config.xml (specifying frontend layout)

<layout> <updates> <magentostudy_news> <file>magentostudy_news.xml</file> </magentostudy_news> </updates> </layout>

config.xml (specifying blocks)



<class>Magentostudy_News_Block</class> </magentostudy_news>


Implementing our layout

As shown above, each of our controller's actions loads and renders a layout. This

layout does not exist yet, so next we will create it.

Extension Best Practice

• It's not recommended to remove native blocks in custom layouts. Add new blocks instead.


<?xml version="1.0"?>

<!-- /**

* Magento frontend layout * * @author Magento */ --> <layout version="0.1.0"> <default> <reference name="footer_links">

<action method="addLink" translate="label title" module="magentostudy_news" ifconfig="news/view/enabled"> <label>News</label> <url>news</url> <title>News</title> <prepare>true</prepare> </action> </reference> </default> <magentostudy_news_index_index translate="label"> <label>News Page</label>


<reference name="root">

<action method="setTemplate">

<template>page/2columns-right.phtml</template> </action>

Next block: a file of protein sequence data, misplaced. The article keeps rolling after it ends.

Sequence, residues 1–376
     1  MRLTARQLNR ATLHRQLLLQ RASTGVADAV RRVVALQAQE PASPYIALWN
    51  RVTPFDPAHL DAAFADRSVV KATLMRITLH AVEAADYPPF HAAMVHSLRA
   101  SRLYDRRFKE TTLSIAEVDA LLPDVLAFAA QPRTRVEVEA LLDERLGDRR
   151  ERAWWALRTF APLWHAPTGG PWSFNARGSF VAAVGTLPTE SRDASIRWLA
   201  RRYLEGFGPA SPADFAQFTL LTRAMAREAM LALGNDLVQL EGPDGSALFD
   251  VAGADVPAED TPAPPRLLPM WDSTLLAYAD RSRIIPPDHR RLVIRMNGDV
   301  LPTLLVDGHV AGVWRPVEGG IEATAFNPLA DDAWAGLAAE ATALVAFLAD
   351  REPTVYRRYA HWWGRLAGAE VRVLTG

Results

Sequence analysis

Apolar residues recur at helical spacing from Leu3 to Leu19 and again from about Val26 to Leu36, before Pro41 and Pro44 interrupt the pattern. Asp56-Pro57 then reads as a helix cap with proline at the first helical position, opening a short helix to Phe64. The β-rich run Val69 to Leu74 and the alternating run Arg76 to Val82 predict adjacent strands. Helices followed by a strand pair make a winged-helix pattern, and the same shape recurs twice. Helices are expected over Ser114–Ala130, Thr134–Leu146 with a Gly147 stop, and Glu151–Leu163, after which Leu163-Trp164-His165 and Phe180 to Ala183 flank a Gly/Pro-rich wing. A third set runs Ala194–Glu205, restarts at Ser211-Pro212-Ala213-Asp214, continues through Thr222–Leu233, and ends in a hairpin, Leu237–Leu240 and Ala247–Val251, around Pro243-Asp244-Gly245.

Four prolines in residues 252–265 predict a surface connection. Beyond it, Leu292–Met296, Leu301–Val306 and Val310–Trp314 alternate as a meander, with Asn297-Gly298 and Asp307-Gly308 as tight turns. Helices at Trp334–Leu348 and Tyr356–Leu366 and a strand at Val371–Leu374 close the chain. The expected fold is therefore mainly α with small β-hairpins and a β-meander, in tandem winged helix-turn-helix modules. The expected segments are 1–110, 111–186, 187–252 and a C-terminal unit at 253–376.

<action method="setHeaderTitle" translate="title" module="magentostudy_news">

<title>Site News</title> </action>


<reference name="content">

<block type="magentostudy_news/list" name="news.list" template="magentostudy/news/list.phtml">

<block type="page/html_pager" name="news.list.pager" as="news_list_pager" />

</block> </reference>


<magentostudy_news_index_view translate="label"> <label>News Item Page</label>

<reference name="root"> <action method="setTemplate"> <template>page/2columns-right.phtml</template> </action> </reference> <reference name="content">

<block type="magentostudy_news/news" name="news.item" template="magentostudy/news/item.phtml" />


</magentostudy_news_index_view> </layout>

Implementing our blocks

In our layout above, we add three view blocks: one for our footer link, a second for our

list of news posts and, a third for our individual posts. We do not need to add anything

more for our footer link block because it is a native Magento block and we are simply

adding our link to it. However, we will need to create classes for our list and item

blocks, Magentostudy/News/Block/List.php






* News List block *

* @author Magento */

class Magentostudy_News_Block_List extends Mage_Core_Block_Template {


* News collection *


* @var Magentostudy_News_Model_Resource_News_Collection */

protected $_newsCollection = null; /**

* Retrieve news collection *